Justice Alito’s concurrence in the recent case of Gundy v. United States signaled that the nondelegation doctrine may be due for a revival. Nondelegation is the constitutional principle that, among other things, Congress cannot transfer its legislative powers to the Executive Branch. Although a plurality of the Supreme Court in Gundy declined to revive a robust conception of the doctrine (which the Court last used to strike down a federal law in 1935), there seems to be increasing judicial interest in declaring open season on congressional delegation of legislative power. This trend has impacted the practice of administrative law, encouraging litigators to invoke the nondelegation doctrine in challenges to executive action.

That is exactly what the State of Texas, along with a coalition of other states, has done in a recent lawsuit, asking a federal court to prevent President Biden from revoking a permit to build the Keystone XL Pipeline. The Texas complaint lists a number of theories of relief, including nondelegation. Texas may be onto something with its constitutional challenge, but its nondelegation argument—as currently presented—appears to address the wrong thing: Instead of taking on the text of a statute itself, Texas trains its fire on the executive’s application of a statute. Such a framing is contrary to the Court’s teachings on nondelegation, and it may frustrate Texas’s chances of success on this issue.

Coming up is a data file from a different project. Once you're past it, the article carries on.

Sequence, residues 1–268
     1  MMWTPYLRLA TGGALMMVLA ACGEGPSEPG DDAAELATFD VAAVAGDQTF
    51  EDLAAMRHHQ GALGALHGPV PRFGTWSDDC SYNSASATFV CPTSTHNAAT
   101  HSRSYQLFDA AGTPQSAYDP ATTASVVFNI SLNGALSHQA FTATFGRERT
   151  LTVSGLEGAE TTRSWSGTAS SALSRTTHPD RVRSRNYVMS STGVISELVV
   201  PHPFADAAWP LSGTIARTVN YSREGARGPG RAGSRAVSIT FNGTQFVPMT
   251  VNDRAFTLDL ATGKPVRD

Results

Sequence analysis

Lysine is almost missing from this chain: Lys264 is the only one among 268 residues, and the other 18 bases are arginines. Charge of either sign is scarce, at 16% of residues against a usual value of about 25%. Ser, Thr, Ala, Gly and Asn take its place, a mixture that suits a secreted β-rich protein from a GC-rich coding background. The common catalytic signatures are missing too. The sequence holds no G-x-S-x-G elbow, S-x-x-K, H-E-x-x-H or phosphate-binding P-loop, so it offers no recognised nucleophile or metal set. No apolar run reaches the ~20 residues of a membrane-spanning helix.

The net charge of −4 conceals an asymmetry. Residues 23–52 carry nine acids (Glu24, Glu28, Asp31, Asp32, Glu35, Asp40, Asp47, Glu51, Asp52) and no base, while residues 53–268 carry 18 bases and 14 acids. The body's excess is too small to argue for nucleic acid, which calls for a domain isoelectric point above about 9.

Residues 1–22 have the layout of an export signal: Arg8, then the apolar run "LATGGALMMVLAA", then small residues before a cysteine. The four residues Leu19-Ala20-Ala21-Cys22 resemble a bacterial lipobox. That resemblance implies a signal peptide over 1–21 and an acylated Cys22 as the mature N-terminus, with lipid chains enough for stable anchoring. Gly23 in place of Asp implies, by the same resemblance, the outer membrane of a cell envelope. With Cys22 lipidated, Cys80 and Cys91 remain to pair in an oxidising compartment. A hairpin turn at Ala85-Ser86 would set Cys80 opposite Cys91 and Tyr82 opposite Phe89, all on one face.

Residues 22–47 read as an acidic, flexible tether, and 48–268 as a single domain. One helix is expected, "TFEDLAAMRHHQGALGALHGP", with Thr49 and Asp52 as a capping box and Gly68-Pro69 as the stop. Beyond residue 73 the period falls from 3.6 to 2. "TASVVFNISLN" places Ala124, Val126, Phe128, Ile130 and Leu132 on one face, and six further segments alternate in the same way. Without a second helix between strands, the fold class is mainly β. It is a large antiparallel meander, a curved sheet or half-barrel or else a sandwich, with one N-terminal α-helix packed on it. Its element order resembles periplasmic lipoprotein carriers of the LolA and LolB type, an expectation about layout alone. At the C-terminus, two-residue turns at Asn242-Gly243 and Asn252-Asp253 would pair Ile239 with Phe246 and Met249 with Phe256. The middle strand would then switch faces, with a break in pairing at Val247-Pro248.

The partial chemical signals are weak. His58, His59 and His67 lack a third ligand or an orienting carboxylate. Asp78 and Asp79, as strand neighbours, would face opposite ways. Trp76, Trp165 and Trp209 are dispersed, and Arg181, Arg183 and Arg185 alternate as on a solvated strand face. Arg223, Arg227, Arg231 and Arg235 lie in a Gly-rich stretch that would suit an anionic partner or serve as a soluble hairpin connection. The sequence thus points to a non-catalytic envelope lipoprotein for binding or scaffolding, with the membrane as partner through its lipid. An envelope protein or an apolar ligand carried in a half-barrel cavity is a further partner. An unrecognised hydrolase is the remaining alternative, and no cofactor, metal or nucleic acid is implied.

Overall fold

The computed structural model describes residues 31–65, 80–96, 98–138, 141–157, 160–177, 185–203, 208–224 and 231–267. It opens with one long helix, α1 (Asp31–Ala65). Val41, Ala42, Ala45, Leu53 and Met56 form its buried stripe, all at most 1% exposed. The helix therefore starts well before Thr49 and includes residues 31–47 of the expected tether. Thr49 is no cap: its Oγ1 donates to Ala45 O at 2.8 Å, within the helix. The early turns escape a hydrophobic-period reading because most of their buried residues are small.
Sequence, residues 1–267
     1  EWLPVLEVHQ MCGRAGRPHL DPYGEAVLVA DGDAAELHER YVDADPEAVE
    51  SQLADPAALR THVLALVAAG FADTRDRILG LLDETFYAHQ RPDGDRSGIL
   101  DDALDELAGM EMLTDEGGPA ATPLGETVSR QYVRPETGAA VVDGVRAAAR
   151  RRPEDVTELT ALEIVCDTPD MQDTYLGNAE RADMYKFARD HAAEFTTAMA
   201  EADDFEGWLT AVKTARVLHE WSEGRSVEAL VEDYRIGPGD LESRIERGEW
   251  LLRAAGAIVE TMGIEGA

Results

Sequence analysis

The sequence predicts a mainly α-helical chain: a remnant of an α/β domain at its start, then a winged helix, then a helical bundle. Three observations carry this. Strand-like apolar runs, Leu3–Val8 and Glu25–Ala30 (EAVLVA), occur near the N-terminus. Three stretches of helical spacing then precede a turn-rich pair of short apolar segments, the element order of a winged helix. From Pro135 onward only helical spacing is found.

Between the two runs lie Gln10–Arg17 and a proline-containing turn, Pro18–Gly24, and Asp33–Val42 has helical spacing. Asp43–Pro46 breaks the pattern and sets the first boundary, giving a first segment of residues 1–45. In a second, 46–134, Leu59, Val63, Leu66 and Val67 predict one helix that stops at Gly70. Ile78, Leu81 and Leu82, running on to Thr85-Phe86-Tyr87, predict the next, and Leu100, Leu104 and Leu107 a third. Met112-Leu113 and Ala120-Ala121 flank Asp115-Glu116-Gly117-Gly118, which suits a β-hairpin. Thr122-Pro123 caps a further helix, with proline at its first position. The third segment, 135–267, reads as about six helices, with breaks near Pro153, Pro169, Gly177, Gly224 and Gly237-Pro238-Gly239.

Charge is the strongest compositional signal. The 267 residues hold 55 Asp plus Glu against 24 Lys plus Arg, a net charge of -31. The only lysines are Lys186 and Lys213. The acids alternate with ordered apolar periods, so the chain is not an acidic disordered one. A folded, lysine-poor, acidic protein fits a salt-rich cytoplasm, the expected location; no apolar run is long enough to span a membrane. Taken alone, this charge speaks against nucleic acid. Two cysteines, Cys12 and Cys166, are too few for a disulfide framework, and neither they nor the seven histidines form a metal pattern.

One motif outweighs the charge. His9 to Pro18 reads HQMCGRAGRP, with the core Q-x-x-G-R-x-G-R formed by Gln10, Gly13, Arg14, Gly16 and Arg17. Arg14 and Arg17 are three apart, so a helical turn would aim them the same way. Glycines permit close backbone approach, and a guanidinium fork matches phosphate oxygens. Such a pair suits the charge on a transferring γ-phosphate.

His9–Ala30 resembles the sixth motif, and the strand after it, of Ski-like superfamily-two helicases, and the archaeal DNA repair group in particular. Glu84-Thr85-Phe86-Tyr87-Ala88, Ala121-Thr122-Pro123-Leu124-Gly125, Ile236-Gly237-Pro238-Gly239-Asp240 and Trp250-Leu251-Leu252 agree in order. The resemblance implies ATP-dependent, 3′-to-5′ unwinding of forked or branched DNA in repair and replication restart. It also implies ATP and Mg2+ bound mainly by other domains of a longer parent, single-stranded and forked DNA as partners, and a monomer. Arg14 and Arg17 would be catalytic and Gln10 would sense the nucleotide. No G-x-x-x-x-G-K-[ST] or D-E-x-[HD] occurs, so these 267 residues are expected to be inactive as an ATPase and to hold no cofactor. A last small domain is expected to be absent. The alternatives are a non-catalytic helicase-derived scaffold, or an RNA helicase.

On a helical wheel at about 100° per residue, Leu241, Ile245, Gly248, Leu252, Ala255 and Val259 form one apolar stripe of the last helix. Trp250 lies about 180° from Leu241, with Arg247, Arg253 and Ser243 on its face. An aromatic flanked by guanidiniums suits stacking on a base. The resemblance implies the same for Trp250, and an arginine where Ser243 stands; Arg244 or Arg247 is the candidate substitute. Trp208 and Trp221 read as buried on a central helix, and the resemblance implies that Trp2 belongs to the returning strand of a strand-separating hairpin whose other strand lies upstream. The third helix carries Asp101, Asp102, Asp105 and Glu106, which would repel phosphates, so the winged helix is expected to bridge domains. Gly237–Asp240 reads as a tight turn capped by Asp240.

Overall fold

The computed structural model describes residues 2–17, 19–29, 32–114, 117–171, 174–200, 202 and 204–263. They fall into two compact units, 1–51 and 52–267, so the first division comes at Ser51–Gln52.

On his first day in the White House, President Biden signed an executive order that revoked TransCanada’s Keystone XL permit, which President Trump had issued to the company back in March of 2019. A State Department estimate had pegged the number of direct and indirect jobs that would have come from the pipeline project at 26,100, and reports indicated that construction of Keystone XL could have contributed upwards of $3 billion to national economic output. Nevertheless, citing environmental concerns, President Biden yanked the permit. In his executive order, the President cited no statutory authority for the revocation; it appears the power to issue the permit in the first place derived from the Temporary Payroll Tax Cut Continuation Act of 2011, but that law says nothing of revocation.

Texas argues that “[t]o the extent that the President or Cabinet Defendants point to a general authority to regulate the environment or conduct foreign relations actually conferred on them by Congress, such a theory runs afoul of the nondelegation doctrine.” The complaint also notes that, “following a reasonably diligent search, Plaintiff States are aware of no statute specifically authorizing the President to revoke the Keystone XL permit in the manner demonstrated here.” In any event, Texas concludes, “[t]o the extent that the defendants rely on a more general law supposedly allowing them to take this action, this application of that law violates the nondelegation doctrine.”